The Firework-Fun Fallacy


From P&C Express 05/11/09:

A health chief has warned that fireworks can have "devastating consequences" if they are not used safely.

Ian Walton, accident and emergency operations director at Yorkshire Ambulance Service NHS Trust (YAS), said its ambulance crews will treat a number of patients with burns to more serious, life-threatening injuries on bonfire night.

He said: "Fireworks used properly are safe are accidents are avoidable. However, they can cause devastating injuries if safety precautions are not followed.

"We recommend people attend one of the professionally-organised public displays. However, if you are planning to host your own event, we ask you exercise caution and make safety a priority to ensure everyone has a good time without getting hurt.

While it’s true that, used properly, fireworks can be safe, a significant section of the general public illustrate annually that they’re simply not capable of following safety directions and employing a little commonsense. It doesn’t seem to matter how many safety warnings go out each year, or how well-labelled the fireworks are themselves, injuries often ensue during amateur November 5th festivities.

For what it’s worth, I’m rather doubtful about the sense in selling fireworks to the general public at all – though I’m aware there are certain counter-arguments which can be wheeled-out in response. As well as the accidents resulting in terrible injuries, fireworks also have a habit of falling into the wrong hands – typically kids. For me, the significance of both of these factors outweigh any benefits that could be said to flow from selling fireworks to ordinary members of the public.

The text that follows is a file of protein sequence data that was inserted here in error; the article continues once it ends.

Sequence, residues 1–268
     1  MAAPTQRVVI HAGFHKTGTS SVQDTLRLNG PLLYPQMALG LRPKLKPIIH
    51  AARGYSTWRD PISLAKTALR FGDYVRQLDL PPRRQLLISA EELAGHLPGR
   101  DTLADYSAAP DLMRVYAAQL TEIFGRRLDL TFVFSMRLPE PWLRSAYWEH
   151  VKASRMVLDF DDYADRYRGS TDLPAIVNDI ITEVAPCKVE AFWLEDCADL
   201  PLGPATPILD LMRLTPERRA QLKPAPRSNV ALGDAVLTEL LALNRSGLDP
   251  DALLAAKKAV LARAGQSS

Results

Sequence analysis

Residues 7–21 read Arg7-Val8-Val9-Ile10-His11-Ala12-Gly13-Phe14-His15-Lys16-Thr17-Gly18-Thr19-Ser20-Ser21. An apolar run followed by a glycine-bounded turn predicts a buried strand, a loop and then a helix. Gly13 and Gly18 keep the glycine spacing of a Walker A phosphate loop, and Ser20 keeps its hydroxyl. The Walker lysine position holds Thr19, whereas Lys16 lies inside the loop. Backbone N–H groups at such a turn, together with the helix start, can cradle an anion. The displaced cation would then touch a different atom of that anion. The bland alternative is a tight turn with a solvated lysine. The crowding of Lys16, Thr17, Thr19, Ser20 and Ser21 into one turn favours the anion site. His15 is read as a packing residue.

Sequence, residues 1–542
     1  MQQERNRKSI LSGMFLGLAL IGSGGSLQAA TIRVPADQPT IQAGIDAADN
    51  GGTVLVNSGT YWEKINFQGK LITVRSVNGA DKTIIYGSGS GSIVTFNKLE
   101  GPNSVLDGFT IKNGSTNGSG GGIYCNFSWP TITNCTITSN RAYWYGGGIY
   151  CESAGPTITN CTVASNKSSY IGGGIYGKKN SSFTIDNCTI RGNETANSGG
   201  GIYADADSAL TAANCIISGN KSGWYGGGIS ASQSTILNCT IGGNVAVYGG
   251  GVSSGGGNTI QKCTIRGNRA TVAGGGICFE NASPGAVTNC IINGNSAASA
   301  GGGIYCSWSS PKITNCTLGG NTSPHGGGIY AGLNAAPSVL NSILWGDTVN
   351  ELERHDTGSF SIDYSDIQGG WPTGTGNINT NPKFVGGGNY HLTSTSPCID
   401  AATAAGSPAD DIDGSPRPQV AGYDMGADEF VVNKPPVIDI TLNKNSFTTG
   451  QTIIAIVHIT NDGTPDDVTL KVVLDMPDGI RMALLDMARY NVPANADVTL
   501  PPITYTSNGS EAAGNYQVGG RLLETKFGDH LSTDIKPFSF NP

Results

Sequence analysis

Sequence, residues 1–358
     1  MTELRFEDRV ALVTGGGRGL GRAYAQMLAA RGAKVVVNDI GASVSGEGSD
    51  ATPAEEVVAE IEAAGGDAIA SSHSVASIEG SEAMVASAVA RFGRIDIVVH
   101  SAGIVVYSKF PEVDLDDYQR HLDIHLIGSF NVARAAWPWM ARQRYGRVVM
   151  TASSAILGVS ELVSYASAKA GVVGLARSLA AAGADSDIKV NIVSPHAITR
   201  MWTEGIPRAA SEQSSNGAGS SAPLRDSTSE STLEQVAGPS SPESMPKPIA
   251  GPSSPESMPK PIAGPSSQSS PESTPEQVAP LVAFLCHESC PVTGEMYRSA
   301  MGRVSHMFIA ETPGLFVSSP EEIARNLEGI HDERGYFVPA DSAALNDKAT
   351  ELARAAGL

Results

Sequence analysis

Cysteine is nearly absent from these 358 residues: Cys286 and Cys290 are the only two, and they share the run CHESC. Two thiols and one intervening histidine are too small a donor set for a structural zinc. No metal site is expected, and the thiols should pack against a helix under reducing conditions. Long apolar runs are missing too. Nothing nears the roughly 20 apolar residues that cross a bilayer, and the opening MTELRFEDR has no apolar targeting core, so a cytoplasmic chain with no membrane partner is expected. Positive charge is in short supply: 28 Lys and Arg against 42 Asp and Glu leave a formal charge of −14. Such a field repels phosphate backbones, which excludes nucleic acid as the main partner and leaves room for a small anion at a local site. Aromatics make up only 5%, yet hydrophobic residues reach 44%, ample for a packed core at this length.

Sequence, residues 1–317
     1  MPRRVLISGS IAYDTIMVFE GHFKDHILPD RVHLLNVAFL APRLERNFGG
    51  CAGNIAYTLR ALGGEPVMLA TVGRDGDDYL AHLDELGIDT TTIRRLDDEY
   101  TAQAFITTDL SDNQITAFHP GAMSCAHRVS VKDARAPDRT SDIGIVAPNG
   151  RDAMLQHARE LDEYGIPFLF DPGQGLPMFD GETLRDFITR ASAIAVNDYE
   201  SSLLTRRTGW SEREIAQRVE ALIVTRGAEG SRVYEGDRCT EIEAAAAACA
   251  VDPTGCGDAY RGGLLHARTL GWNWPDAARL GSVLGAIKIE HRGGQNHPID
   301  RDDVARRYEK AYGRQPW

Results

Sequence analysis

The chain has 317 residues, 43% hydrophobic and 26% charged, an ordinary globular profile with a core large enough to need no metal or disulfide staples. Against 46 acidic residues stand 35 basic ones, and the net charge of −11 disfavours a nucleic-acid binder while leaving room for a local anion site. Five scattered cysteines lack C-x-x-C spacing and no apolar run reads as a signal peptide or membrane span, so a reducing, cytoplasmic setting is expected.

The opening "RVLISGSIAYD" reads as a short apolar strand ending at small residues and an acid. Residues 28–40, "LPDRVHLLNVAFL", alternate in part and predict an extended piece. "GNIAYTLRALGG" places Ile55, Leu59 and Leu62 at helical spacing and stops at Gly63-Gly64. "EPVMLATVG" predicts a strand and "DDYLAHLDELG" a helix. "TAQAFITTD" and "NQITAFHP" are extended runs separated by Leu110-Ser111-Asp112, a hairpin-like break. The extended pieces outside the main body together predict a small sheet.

Is hosting your own private firework display really worth the danger and hassle? With society being so trigger-happy from a litigation standpoint, can the average family risk inviting others round for a typical garden display? After all, there’s little legal redress for victims injured as a result of their own negligent conduct and they may unwittingly cause actionable injuries to others.


  1. When I was a kid you needed a license to buy fireworks which was a good idea, less people bought them so most people either didn't bother doing anything or just went to a public display. That said probably easier to keep under control when we don't celebrate guy fawkes night really and just have fireworks on halloween.

  2. Well said Michael. Fireworks are a pain in the neck. I live near a hotel that has taken to treating its guests to regular fireworks displays.

    Not much fun for my horse, who is terrified of them and not much fun for the village neighbourhood in general, who get woken up at midnight by the noise made by the fireworks.

    p.s. word verification is 'pricke' well, I'm too shocked to comment!

  3. I really don't see the point in having your own display in your back yard. Not only is it much more dangerous, put you end up paying £20 for a single rocket.
    £20 for a single bang.

    Instead, I'm going to my local council organised display tonight - the best in the North of England (according to surveys), and free (but I'm working anyway).

    Spectacular effect, bugger all cost. Where's the logic in doing otherwise?


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